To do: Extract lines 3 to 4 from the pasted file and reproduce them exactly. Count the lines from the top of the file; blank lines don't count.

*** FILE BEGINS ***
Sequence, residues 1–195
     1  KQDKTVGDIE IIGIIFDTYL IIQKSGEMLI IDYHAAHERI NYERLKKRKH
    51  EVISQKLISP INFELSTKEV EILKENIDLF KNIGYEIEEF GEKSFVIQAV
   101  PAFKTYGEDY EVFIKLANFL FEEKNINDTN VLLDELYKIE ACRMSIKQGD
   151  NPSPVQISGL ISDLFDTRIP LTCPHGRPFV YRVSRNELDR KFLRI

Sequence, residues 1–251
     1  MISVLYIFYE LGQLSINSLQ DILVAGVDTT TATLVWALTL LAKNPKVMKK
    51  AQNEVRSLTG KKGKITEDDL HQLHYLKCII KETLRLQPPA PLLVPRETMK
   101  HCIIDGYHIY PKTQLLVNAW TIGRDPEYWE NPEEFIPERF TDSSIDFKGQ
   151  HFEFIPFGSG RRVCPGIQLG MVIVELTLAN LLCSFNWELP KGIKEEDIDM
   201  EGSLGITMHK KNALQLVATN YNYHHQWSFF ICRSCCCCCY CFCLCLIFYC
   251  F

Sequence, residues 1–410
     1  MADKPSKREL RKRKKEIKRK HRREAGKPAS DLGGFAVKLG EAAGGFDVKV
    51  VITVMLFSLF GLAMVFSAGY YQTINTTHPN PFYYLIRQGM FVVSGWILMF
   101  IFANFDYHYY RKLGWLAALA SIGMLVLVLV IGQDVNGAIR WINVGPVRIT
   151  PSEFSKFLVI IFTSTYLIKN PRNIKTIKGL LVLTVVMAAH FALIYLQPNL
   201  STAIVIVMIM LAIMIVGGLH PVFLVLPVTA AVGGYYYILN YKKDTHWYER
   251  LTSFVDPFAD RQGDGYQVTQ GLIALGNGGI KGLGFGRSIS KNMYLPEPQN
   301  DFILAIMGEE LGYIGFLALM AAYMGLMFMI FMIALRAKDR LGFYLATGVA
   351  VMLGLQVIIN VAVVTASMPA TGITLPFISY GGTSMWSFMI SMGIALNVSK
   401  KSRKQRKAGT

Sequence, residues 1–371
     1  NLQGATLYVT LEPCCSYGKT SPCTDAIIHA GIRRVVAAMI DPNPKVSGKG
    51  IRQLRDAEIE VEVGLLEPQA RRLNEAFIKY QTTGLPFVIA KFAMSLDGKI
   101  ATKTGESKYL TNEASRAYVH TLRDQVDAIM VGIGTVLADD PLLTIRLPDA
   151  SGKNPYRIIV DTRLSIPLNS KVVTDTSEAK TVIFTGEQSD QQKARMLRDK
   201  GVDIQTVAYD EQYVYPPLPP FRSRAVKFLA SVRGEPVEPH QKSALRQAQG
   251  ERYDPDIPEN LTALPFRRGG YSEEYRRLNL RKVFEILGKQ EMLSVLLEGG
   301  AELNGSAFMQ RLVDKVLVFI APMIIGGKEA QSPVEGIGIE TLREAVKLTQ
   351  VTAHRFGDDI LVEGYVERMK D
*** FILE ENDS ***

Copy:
    51  EVISQKLISP INFELSTKEV EILKENIDLF KNIGYEIEEF GEKSFVIQAV
   101  PAFKTYGEDY EVFIKLANFL FEEKNINDTN VLLDELYKIE ACRMSIKQGD